Northwest Music and Dance Venues

The Coke Show
Bun Drive-in
Anchorage, Alaska
"The Coke Show" at the Bun Drive-in was created in 1959 by Ron Moore who first became known in Anchorage in the late 1950s as "The Royal Coachman."  Ron was a teenage DJ who would broadcast his radio show from the top of the Bun Drive-In on Northern Lights Boulevard. The following information is an excerpt from an article published by the Anchorage Daily News on April 27, 1986, featuring Ron and The Coke Show:

BACK IN THE DAYS OF THE BUN AND THE COKE SHOW
Author:    KIM RICH Daily News reporter Staff
Date: April 27, 1986
Publication: Anchorage Daily News (AK) Page: A1


On Christmas Eve 1959, hundreds of local teenagers, braving minus four degree weather, climbed into their cars and drove through the snow to a tiny parking lot on Northern Lights Boulevard. Although the lot belonged to the Bun Drive-In, the teens weren't there just for the hamburgers. They flocked to the Bun, snarling traffic for blocks around, to hear what was happening in a 5-foot-by-5-foot booth tacked onto the drive-in's roof.

At 6 pm, the man in the booth put The Coke Show, Anchorage's only rock 'n' roll radio show, on the air. The show, which had been playing from a studio for the previous year, went -- in broadcasters' jargon -- live and remote.  The man in the booth was The Royal Coachman.

"I was scared to death with that (first live) show. If people didn't show up you'd feel like it was a flop," said The Royal Coachman, who off the air answered to the name Ron Moore.

The booth's small electric heater failed to keep its windows free of ice. To see out, Moore had to scrape furiously whenever he had the time. Worse yet, the cold caused the turntable to spin reeeeal slooow. Between 45s, Moore picked up the chilled turntable and held it over the heater. For an hour, Moore scraped and thawed and played a string of rock heavies -- Elvis Presley, Bobby Darin, Buddy Holly. In the cars below -- and all over town -- teen-agers snapped their fingers to the beat from their radios.

The Coke Show had become a spot on the map, not just a spot on the radio dial. In the cars, in the parking lot, it was teen heaven. For a generation of Anchorage kids, The Coke Show was THE event, and the Bun THE place, until both disappeared in the summer of 1970. There were other hangouts, but the Bun had The Coke Show.

Moore ended every Coke Show with The Penguins' love lament “Earth Angel.” As the song's last refrain slowly faded, dozens of teen-age girls sighed, wishing the song was meant for them. The Royal Coachman was their dreamboat.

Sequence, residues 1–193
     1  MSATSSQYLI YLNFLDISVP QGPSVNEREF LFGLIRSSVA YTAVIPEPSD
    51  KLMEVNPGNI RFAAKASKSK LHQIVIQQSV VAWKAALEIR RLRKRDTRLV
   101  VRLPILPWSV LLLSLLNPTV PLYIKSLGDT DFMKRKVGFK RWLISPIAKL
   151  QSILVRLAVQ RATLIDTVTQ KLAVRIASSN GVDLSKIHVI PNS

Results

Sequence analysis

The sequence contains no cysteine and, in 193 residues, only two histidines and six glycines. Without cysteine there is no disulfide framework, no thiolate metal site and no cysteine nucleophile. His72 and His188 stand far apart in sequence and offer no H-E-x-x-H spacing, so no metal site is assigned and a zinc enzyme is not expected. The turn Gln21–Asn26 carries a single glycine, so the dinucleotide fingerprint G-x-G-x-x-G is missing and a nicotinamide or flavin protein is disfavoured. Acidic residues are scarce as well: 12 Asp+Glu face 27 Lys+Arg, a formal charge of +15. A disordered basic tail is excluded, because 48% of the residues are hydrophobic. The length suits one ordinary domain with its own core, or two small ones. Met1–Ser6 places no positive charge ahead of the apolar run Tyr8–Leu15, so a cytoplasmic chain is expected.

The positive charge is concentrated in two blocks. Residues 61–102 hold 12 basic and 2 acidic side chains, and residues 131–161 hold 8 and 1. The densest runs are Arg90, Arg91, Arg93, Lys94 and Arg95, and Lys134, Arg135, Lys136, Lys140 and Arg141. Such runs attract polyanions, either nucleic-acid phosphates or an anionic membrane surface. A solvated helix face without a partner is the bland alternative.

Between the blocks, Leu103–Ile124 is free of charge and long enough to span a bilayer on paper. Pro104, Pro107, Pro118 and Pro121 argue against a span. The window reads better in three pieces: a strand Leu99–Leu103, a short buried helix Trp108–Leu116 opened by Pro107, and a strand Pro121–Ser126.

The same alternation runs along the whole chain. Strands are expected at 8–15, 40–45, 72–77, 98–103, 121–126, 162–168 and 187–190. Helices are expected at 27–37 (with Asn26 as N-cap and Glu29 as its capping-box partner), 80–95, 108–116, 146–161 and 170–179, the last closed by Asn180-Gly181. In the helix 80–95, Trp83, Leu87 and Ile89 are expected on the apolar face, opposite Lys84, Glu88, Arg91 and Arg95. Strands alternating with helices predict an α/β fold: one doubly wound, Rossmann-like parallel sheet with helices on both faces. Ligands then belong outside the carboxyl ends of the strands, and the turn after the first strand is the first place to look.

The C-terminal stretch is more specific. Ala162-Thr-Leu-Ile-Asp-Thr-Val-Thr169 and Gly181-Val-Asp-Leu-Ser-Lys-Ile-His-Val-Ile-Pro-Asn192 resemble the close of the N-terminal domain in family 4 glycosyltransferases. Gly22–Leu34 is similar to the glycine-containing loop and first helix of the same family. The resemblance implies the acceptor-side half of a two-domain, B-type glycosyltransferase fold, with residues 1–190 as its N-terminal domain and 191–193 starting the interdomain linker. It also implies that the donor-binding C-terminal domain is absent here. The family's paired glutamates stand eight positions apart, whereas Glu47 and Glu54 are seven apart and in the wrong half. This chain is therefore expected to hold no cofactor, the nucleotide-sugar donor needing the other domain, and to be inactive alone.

Moore developed The Royal Coachman theme not long after he came to Anchorage to work in radio. "In the '50s and up until the English Invasion, a lot of disc jockeys were what I called 'true personalities,"' he said recently… "The music of The Royal Coachman took you were you wanted to go," he said. "I didn't want to be limited. That's the way you did things back then."

Moore hit Anchorage with a fashion style that took local teens by storm. He wore gold-lame jackets and ruffled satin shirts with "RC" embroidered on the front. He always drove the showiest car in town. One of his first cars was a black 1958 Cadillac with painted gold hubcaps and musical notes on the seat covers. On the driver's-side door was "RC" in tall, gold letters. Later he owned a red 1967 Cougar with "Here comes Ron Moore" spelled backwards across the hood so it could be read in rear view mirrors.

Blushing teen-age girls, dressed in tight pink cashmere sweaters and strapless gowns, crowded around Moore during sock hops at their schools or local teen clubs. In their hands, the girls clutched their "Ron Moore Fan Club" cards.

In the broadcast booth, Moore was a rebel. He insisted on playing rock 'n' roll music despite the objections of station managers who didn't believe that rock music could attract advertising dollars.

"In those days you didn't play rock 'n roll on the radio. I was the renegade," Moore said. "I was the first disc jockey (in Anchorage) to play Elvis. The first to play the Beatles."

The Coke Show was born when Moore got Coca Cola, which sponsored many of the teen dances in town, to sponsor a radio program for teenagers. Despite the radio executives' misgivings, the seven-day-a-week show drew the largest radio audience in Anchorage for more than a decade.
 

Suzie Cook Taylor, and Ron Moore, October 2011


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Last Update:  2 February 2015
Credits: Suzie Cook Taylor, and Ron Moore, Anchorage Daily News, Charles H Van Der Hyde